Clay Robison received an Instagram message saying he was an embarrassment to the Jewish community.
Robison, a 21-year-old UF political and economics senior, took to social media to post about his support of the Free Palestine Movement, which calls for the end of Israeli occupation of Palestinian territory.
After Hamas attacked Israel Oct. 7, Robison said he had witnessed overwhelming anti-Palestine rhetoric and fear from the Jewish community.
“A lot of people associate Israel itself with safety,” he said. “So when they see an attack, they feel like their personal safety is under threat.”
Since the violence began two weeks ago, Robison said Palestinian and anti-Zionist voices have been largely neglected. Zionism is the Israeli national ideology that Judaism is both a nationality and religion and that Israel is an ancestral land that exists for the Jewish community.
Although Robison completed Birthright, which is a heritage trip to Israel for Jewish people ages 18-26, in the summer of 2021 and has extended family living there, he does not view Israel as inherently correct in this conflict.
Robison believes Israel colonized Arab land meant for Palestinians. This perspective formed when he was 14 and watched John Green’s YouTube explaining the conflict’s history. Since then, he has worked to educate himself on Palestinian issues and support groups advocating for peace.
“This is a human rights issue that I need to stand up for, because of the fact that throughout Jewish history, we have been the victims of oppression and hate and violence,” he said.
Patricia Sohn, the former undergraduate coordinator for UF’s Center for Jewish Studies, said although Zionist and Arab nationalist movements had separate origins — beginning in the late 19th and early 20th centuries, respectively — over time, the two movements would begin to see one another as a problem.
For the Jewish community, a country of its own would create a safe haven against antisemitic persecution. For the Palestinians, land of their own meant autonomy from other Arab states.
“Let me emphasize that no one today was alive during those events, and no one of us is responsible for them,” Sohn said in an email. “Nonetheless, these events left indelible scars in local memory.”
There may be confusion over who is right or wrong in this conflict, she said, but under the United Nations’ definition, Sohn emphasized that Israel is not an apartheid regime. There is no evidence that Israel is persecuting Palestinians because of race in this cross-border conflict, she said.
Nadine Ghourra, a 20-year-old UF political science junior, has family in Gaza. She attended the Oct. 12 Students for Justice in Palestine teach-in at Turlington Hall. Although the event filled to capacity before she could get a seat, she stood outside the building to show her support.
In Gaza, her cousin’s home was bombed, and her family fled to her grandfather’s house nearby.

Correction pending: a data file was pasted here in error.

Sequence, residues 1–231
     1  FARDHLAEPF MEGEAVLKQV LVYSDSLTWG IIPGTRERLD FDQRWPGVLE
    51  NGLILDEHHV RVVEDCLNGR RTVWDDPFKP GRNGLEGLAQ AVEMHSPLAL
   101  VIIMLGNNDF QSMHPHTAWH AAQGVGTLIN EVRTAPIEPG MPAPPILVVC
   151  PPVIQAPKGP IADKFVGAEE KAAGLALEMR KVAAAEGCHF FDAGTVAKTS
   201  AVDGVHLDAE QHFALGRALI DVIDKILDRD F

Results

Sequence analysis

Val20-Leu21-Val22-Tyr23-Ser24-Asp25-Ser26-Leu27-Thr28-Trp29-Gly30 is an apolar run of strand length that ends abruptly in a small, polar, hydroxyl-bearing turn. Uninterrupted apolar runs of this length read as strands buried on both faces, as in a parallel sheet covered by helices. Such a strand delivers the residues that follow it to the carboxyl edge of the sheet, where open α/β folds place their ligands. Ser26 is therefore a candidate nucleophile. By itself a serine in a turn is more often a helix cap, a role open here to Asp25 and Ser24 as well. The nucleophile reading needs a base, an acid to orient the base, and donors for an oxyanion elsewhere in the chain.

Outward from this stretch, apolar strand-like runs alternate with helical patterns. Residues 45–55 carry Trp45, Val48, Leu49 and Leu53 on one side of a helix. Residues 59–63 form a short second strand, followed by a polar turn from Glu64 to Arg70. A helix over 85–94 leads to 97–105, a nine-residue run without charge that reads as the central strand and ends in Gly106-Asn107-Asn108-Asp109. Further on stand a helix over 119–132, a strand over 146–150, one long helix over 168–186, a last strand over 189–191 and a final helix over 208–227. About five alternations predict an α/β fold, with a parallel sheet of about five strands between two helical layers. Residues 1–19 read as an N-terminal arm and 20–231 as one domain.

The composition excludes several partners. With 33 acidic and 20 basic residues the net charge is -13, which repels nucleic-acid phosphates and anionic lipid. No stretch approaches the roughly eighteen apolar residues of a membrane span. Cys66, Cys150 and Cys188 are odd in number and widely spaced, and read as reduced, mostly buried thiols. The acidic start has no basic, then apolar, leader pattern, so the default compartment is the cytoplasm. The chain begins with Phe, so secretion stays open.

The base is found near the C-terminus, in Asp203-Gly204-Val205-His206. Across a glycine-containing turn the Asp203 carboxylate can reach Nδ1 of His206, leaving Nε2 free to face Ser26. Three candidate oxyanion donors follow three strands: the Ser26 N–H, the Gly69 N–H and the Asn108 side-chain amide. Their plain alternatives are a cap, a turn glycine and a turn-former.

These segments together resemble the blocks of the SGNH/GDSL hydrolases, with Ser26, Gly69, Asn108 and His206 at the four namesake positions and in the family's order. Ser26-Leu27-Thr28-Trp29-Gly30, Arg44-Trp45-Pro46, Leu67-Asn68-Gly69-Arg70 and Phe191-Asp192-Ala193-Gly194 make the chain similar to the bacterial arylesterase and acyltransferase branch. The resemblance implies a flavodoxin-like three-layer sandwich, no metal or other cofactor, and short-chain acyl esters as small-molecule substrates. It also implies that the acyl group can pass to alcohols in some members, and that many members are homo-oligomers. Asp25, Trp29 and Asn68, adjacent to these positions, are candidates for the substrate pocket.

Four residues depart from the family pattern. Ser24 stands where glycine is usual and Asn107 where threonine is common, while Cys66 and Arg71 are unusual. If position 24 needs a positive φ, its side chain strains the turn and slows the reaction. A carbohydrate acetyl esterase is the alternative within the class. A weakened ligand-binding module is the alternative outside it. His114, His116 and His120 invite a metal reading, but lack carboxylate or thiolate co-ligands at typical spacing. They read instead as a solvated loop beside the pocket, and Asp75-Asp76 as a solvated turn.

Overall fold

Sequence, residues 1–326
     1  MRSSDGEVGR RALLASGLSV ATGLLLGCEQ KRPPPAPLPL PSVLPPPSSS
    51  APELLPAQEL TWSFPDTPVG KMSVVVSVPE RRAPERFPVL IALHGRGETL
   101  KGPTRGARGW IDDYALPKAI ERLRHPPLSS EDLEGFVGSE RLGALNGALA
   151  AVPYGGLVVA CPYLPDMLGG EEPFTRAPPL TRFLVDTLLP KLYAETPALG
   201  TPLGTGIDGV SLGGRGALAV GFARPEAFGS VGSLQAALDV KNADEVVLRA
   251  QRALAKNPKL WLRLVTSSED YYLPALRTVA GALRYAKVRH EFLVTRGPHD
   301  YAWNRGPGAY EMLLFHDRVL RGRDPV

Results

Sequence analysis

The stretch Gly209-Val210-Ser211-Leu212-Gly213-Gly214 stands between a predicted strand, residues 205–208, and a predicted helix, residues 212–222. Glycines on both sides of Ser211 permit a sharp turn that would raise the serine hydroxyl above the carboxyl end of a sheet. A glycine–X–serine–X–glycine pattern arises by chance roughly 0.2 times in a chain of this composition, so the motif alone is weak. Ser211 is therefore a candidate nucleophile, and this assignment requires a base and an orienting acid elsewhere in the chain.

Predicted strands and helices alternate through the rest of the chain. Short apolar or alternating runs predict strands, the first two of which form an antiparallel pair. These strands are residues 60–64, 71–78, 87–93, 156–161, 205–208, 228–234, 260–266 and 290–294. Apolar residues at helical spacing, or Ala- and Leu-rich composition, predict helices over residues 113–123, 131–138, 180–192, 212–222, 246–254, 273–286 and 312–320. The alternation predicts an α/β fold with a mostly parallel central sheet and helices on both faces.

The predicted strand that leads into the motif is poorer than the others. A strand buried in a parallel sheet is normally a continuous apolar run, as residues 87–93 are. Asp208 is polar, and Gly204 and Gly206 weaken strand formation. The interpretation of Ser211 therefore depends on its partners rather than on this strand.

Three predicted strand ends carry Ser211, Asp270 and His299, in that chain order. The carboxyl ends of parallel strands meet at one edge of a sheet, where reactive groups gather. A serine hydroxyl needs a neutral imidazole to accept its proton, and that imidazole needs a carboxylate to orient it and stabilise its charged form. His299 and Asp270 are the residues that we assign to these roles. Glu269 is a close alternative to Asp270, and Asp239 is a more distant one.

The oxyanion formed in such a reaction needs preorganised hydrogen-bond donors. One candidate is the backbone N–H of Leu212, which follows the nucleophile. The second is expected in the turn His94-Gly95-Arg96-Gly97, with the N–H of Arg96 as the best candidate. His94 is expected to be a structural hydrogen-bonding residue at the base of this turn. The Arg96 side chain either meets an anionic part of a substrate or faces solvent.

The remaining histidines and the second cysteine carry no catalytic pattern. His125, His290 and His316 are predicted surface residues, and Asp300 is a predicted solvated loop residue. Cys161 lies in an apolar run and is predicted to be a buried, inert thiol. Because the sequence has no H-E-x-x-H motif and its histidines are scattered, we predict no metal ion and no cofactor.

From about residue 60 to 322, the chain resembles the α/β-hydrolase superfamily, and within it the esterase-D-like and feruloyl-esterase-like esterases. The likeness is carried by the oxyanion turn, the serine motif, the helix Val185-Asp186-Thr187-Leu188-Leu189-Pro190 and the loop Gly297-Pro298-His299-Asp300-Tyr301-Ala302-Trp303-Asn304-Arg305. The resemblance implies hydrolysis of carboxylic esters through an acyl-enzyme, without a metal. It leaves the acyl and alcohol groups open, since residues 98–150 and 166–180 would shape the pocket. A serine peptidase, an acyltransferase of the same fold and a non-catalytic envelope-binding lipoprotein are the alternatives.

“Her husband and her three kids — all toddlers — barely made it out and only left with the clothes on their back,” Ghourra said.
Ghourra’s dad told her everyone was evacuating from the grandfather’s house to seek shelter in a hospital or school. The family was warned of a possible Israeli air raid, but the path to escape to Egypt had been bombed.
After the first few days of overseas violence, she wore a kaffiyeh, or a Palestinian headscarf, to campus. Although she was not directly approached by anyone, she said she did receive stares.
“My father advised me not to wear anything that would show that I am from Palestine,” she said. “He didn't want me to deal with anybody that would say anything to me or harass me.”
Ghourra also sympathizes with what Israelis and their families are going through, she said. She has spoken with Jewish friends and said they tend to agree that the violence in Israel and Gaza is not the fault of civilians. But online, Ghourra has witnessed people tie Palestinians to the terrorist group Hamas and call for Gaza to be wiped out.
Meir Schochet, a 20-year-old UF astrophysics junior, is the vice president of UF’s Jewish Voices of Peace chapter, an anti-Zionist activist organization that advocates for Palestinian freedom.
He began questioning Israel’s history when he was a high school senior and taking a Jewish history seminar.
The curriculum discussed the Deir Yassin massacre, which was a 1948 Zionist paramilitary massacre that left more than 100 Palestinians dead. While Schochet was appalled, he said his classmates justified the violence as necessary for establishing and preserving Israel.
“It is very difficult for me to affect any change among people who share religious identity with me,” he said.
Schochet said he understands the importance of the Israeli state, especially with family living there, but emphasized it took a violent escalation against Israel for the public to learn about Palestinian oppression.
He is using Jewish Voices for Peace to emphasize nonviolence for Israel and Palestine. His family doesn’t understand his advocacy for Palestinian autonomy, and he said it’s difficult trying to debunk misinformation and spread his views in a town that feels predominantly Zionist.
“We begin arguing with opinions, and we begin arguing with ideas,” he said. “That's good and all, but not when you neglect empathy.”
Contact Sophia Bailly at firstname.lastname@example.org. Follow her on Twitter @sophia_bailly.
Sophia Bailly is a second-year journalism major and covers politics for the enterprise desk. Some of her favorite things include The Beatles, croissants and Agatha Christie books. When she's not writing stories she's either reading or going for a run.